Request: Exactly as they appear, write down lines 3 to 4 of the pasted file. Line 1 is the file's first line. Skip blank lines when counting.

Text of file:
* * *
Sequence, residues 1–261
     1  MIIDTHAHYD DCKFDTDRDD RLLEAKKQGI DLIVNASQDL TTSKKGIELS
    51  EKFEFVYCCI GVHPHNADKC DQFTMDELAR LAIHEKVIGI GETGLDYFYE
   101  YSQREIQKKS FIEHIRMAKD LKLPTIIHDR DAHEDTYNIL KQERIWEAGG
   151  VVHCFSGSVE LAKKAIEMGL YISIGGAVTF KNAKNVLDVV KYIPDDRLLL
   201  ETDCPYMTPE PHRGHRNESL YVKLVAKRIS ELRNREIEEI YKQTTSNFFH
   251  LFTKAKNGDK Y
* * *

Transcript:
    51  EKFEFVYCCI GVHPHNADKC DQFTMDELAR LAIHEKVIGI GETGLDYFYE
   101  YSQREIQKKS FIEHIRMAKD LKLPTIIHDR DAHEDTYNIL KQERIWEAGG